Disease factsheet about rubella
Rubella (German measles) is a worldwide, mild, exanthematous and highly infectious viral disease of children in unvaccinated populations. Its prominence and the rational for immunising against rubella is the high risk of congenital malformations associated with rubella infection during pregnancy, something first observed by Dr Norman McAlister Gregg during the rubella epidemic in Australia 1940-41. Congenital Rubella Syndrome (CRS) is characterised by a constellation of ophthalmologic, neurologic, cardiac and auditory anomalies. Immunisation with the safe and highly effective attenuated live vaccine started in Europe in 1970s and has had a profound impact on the epidemiology of rubella and CRS.Elimination of rubella requires sustained overall immunisation coverage of more than 95% and maintenance of low levels of susceptibility across all subgroups of a population.
The rubella virus is a RNA virus and belongs to the genus Rubivirus and the family Togaviridae. It is of a single serotype divided into two clades and within these two clades there are at least seven genotypes. The genetic variation does not translate into antigenic differences. Humans are the sole reservoir of rubella virus.
Clinical features and sequelae
Rubella is typically a mild disease with few complications, and infections go unrecognised or are asymptomatic. Children usually have few or no constitutional symptoms but adults may experience a 1–5 days prodrome of fever, malaise, headache and arthralgia. The typical presentation of rubella is a transient, erythematous maculo-papular rash that starts in the face, becomes generalised over 24 hours and lasts for about three days. Enlarged post-auricular and sub-occipital lymph nodes, which precede the rash, are characteristic of rubella and last for 5–8 days.
Clinically, rubella is indistinguishable from febrile rash illnesses caused by measles, parvovirus B19, human herpes virus 6 (HHV6), Coxsackie virus, ECHO virus, adenovirus and dengue virus, and laboratory confirmation is required for diagnosis unless there is an epidemiological link to a confirmed case. There are three standard tests for laboratory confirmation of a suspect rubella case: (1) isolation of rubella virus from a clinical specimen; (2) detection of rubella virus nucleic acid in a clinical specimen; or (3) rubella virus specific IgG antibody response in serum or saliva. A specific IgM antibody response indicates a probable acute infection1.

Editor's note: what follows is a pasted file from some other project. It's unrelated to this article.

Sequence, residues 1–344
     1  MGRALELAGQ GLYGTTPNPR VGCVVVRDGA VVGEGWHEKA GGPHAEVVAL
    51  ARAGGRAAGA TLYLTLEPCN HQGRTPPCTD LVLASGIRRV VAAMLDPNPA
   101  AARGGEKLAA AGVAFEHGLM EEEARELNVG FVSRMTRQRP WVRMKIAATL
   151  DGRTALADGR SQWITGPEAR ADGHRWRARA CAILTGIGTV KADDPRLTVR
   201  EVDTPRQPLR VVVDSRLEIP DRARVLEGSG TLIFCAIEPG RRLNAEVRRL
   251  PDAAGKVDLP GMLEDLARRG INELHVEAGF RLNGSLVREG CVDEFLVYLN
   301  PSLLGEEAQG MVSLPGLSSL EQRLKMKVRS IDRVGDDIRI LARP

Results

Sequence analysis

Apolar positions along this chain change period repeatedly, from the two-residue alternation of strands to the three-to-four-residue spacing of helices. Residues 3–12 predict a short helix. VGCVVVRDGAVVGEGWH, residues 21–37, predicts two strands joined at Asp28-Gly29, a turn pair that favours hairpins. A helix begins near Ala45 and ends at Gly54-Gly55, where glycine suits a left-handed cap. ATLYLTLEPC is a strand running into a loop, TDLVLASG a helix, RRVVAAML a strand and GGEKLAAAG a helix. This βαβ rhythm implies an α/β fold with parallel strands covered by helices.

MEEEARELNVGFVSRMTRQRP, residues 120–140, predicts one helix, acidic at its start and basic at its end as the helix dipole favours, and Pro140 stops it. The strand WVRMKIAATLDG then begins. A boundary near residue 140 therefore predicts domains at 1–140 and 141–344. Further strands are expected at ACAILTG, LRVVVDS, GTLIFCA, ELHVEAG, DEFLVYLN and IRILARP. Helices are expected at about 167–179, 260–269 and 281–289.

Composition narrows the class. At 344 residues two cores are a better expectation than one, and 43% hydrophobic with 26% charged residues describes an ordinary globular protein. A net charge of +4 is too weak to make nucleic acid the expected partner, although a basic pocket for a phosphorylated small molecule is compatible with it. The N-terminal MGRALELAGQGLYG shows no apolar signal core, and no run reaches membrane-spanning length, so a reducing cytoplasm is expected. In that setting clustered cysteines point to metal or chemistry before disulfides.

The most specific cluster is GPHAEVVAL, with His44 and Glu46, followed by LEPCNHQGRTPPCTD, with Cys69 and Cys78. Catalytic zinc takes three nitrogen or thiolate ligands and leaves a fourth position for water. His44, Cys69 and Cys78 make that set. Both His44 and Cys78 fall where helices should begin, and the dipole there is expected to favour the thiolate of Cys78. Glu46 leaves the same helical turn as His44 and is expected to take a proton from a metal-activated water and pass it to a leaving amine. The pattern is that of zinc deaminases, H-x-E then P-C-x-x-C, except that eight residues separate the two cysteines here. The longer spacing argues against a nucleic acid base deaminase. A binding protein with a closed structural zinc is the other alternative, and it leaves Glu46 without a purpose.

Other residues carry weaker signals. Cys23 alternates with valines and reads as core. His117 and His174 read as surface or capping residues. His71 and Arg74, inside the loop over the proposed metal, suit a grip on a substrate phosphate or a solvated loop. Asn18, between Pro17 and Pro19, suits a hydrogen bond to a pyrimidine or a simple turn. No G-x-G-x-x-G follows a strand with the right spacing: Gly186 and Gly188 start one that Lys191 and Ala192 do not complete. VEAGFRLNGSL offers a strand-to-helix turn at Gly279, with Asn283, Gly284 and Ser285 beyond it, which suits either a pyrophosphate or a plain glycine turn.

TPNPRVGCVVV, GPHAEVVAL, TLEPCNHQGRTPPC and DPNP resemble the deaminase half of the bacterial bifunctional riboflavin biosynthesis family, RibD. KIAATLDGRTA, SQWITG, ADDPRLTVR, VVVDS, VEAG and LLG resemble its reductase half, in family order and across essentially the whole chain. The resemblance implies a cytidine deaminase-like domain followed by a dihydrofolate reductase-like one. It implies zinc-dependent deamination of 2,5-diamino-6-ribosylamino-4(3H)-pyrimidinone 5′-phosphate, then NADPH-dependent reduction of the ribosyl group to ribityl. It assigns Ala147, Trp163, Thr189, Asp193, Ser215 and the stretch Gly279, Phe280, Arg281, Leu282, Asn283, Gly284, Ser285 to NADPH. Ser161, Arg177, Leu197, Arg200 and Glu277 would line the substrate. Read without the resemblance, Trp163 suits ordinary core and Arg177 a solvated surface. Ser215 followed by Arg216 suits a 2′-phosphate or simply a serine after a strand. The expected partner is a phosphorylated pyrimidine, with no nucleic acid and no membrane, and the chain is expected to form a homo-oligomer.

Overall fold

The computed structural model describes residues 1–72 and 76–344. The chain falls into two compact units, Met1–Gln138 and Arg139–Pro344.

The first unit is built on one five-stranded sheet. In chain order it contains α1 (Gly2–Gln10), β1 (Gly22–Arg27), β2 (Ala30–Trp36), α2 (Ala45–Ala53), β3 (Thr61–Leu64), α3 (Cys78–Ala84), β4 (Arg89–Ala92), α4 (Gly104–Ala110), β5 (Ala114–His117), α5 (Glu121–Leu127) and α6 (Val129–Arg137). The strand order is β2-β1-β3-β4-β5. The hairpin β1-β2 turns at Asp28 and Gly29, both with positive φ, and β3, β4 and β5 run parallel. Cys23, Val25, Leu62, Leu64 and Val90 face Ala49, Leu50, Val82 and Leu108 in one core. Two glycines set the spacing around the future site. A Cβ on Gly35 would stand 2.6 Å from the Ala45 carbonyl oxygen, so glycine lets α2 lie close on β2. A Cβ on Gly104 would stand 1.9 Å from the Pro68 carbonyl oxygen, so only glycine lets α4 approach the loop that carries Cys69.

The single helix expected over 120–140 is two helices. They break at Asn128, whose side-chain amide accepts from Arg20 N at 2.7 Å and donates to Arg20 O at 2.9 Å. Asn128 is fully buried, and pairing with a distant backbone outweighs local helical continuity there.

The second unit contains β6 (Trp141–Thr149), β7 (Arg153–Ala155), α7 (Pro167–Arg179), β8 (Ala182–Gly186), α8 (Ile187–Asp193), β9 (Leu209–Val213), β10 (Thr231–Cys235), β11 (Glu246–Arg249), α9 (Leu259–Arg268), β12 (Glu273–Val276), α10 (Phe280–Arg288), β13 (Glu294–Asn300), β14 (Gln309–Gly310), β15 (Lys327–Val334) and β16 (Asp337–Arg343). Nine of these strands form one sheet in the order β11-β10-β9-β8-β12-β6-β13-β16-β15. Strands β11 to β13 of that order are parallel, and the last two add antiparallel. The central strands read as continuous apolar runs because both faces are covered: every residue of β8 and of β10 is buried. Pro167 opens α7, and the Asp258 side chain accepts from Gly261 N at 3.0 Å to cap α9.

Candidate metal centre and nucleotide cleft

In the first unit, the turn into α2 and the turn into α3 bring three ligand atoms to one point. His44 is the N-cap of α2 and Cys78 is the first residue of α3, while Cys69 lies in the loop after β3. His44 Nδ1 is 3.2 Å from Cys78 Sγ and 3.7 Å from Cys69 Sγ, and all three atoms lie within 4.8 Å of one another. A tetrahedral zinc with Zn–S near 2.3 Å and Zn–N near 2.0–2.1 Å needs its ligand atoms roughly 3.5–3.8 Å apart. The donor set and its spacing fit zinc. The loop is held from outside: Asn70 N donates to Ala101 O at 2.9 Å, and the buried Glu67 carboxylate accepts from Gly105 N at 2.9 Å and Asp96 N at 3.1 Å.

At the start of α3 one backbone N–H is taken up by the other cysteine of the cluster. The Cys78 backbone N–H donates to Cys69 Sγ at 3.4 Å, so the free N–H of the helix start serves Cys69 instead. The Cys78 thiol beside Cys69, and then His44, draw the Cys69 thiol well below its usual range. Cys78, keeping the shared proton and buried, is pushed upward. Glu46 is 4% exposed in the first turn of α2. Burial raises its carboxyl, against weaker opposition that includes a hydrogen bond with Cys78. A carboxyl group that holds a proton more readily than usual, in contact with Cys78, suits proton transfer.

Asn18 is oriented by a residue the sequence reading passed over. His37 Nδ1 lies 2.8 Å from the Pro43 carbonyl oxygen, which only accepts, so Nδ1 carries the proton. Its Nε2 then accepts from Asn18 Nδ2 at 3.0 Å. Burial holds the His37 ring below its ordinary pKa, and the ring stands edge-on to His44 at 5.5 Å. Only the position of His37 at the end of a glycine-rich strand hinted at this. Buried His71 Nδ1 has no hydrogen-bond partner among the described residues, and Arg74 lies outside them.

Complications of acute rubella are rare, with the exception of rubella infection during pregnancy (see below). Encephalitis occurs in 1 out of 5000–6000 cases of rubella -the presentation can be dramatic but fatalities are rare and most patients recover completely without sequelae-; thrombocytopenia develops in 1 out of 3000 cases; transient polyarthralgia and polyarthritis are common complications in adolescents and adults, but rare in children.
Congenital Rubella Syndrome
The clinical presentation of acute rubella in pregnancy is identical to that in non-pregnant women and adults, and asymptomatic and undiagnosed infections are common. Infection during pregnancy carries a considerable risk of the constellation of foetal malformations referred to as Congenital Rubella Syndrome (CRS), foetal death and abortion. Women who plan to become pregnant should be tested for rubella and immunised if found to be susceptible. Pregnant women should have rubella immunity tested early in pregnancy. The EU case definitions for rubella and for CRS (2002/253/EC) for the purpose of reporting communicable diseases to the community network can be found here.
Rubella was endemic in Europe before widespread immunisation, with the exception of small and isolated populations, and there were regular epidemics at 6–9 year intervals on top of background transmission. The transmission pattern of rubella is similar to that of measles and rubella was a childhood disease in the pre-vaccine era, with the highest incidence in the 4–9 years age group. Routine immunisation has dramatically changed the epidemiology of rubella in Europe. The vaccine is highly effective, with seroconversion rates of 95–100% and the induced immunity is likely to be lifelong in most recipients. Rubella is a notifiable disease and European surveillance data indicate that the overall incidence of rubella has fallen from about 35 per 100 000 in 2000 to <10 per 100 000 population in 2008.
The 27 EU/EEA countries reported 38 847 rubella cases in 2013; Poland accounted for 99% of all reported rubella cases. In 2012, Romania had the most cases of Rubella in the EU, and notably, Italy had a large outbreak of Rubella in 2008. In 14 countries the rubella notification rate was rate less than one case per million population. Annual updates on rubella incidence are published in ECDC’s Annual epidemiological report on communicable diseases in Europe. The 2013 report is available here.
The clinical criteria for rubella surveillance include:
• Maculopapular rash; and
• Cervical, suboccipital or post-auricular lympadenopathy or arthralgia/arthritis.
The laboratory criteria for rubella surveillance case confirmation in non-pregnant cases include:
• Rubella IgM antibody detection;
• Rubella virus isolation; or
• Rubella viral RNA detection by reverse transcriptase PCR; or